Summer is here. Your crops are looking good. Weeds and diseases are under control. Mother Nature is doing her part. All that is left is to sit back and watch your crops mature before you start prepping your equipment for harvest. Not so fast.
Insect issues can creep up mid-season or late season. That is why it is important to scout your fields each week. Checking your crop for insects helps you maximize yield potential and profitability, an ROI that is definitely worth the effort.
Here are some helpful tips when scouting your corn and soybean fields:
- Walk in a zigzag pattern when scouting to cover more crop, although this may be more difficult when plants get taller later in the season
- Check for patterns of field damage near field edges or in previous weed areas
- Examine the soil beneath the surface for any subsurface insects; conduct soil testing as needed
- Investigate areas where plants have not emerged or where there’s uneven emergence
- Depending on the crop, use a shake cloth and/or sweep net for an accurate insect threshold count
- Estimate the percentage of total leaf surface damage or defoliation caused by insects
“You should also check both sides of the plant leaf, as some insects attack the bottom of the leaf. Many times the top plant leaves will have noticeably more defoliation than the ones toward the bottom. You need to check leaves on the entire plant to determine the extent of defoliation,” says Malin Westfall, soybean marketing manager for Crop Science. “Insect activity also can be heavier in reduced tillage systems.”
Threshold levels can vary based on defoliation, geographic location, growth stage and crop. Growers should examine insects caught during scouting to determine threshold populations and the presence of any beneficial predators or parasites. Beneficials feed on crop-damaging insects. Checking insect size can aid in making control decisions. “The more large insects you have, the faster yield-impacting crop damage can occur,” says Westfall.
For instance, with soybeans, four or more foliage-feeding larvae ½ inch or longer per row foot can cause 20 percent defoliation, while eight or more of the same size larvae can cause 35 percent defoliation. During bloom and pod fill, foliage loss of 20 percent or higher can decrease yield. Whereas when soybeans have matured and pods have fully developed, 35 percent foliage loss will typically not reduce yield.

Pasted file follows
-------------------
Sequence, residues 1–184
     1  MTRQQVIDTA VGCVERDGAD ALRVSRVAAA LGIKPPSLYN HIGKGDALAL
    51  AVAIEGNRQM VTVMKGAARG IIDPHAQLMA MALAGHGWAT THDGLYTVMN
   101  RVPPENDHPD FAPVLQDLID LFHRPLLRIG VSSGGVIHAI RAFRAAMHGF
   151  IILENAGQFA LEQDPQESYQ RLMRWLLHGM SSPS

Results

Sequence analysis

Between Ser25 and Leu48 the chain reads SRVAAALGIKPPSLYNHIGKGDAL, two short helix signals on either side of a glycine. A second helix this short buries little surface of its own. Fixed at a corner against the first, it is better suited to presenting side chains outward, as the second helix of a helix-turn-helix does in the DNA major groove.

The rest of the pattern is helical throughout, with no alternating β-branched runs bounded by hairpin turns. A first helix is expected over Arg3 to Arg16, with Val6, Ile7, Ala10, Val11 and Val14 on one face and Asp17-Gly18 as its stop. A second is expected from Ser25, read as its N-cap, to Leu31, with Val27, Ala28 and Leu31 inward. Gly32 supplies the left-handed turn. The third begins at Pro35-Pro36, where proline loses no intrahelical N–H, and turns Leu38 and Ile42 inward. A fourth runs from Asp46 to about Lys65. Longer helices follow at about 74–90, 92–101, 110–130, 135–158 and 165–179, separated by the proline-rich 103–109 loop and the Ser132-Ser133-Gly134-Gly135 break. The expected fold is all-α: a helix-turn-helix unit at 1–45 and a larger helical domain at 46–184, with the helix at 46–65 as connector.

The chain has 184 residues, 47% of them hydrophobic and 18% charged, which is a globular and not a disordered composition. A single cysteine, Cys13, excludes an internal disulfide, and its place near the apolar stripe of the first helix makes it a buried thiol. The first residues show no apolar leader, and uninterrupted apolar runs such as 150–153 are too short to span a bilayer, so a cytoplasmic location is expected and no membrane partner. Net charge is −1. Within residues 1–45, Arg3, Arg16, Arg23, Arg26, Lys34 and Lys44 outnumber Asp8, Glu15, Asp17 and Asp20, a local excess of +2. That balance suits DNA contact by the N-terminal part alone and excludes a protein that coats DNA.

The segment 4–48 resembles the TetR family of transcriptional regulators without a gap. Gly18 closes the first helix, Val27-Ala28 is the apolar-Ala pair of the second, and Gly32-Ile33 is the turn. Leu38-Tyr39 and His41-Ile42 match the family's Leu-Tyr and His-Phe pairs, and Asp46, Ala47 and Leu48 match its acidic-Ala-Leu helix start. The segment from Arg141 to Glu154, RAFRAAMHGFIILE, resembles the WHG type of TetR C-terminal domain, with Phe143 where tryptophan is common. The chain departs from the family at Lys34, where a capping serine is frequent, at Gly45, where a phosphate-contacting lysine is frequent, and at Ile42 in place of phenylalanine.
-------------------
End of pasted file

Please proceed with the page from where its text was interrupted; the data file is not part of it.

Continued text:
In addition to scouting, other insect management recommendations include:
- Document your Integrated Pest Management (IPM) plan and update that plan with scouting numbers and actions taken on fields
- Select a hybrid/variety for targeted pests in your fields
- Use crop rotation
- Choose insecticides for targeted pests
- Rotate insecticide modes of action and use proper rates to prevent resistance
“Once done with scouting and analysis, growers must determine if an insecticide application is necessary based on threshold levels,” says Jody Wynia, corn marketing manager for Crop Science. “Insecticides are a critical element to any IPM plan, but you should not rely on them as the only method to control insects.”
According to Mississippi State University, management tactics applied against one pest may be favorable or unfavorable to the development of other pests. In addition, treatments applied during one part of the season may affect future pest populations, or even your ability to control those pests later during the season or in future years.
One thing is certain, if your fields exceed threshold levels, take prompt action to prevent yields from being compromised. “The old adage ‘Time is money,’ applies in minimizing insect damage,” says Wynia. “Insecticide applications, even later into the season, have been proven to help guard your crop from yield-damaging insects.”
A mid-to-late season application of an insecticide such as Leverage® 360 helps protect yields by delivering a quick knockdown to stop insect feeding and a long-lasting residual for broad-spectrum control with minimal risk to beneficial insects.
Growers are encouraged to discuss insecticide application timing and tankmix options with their crop consultant, Extension agent or Crop Science representative.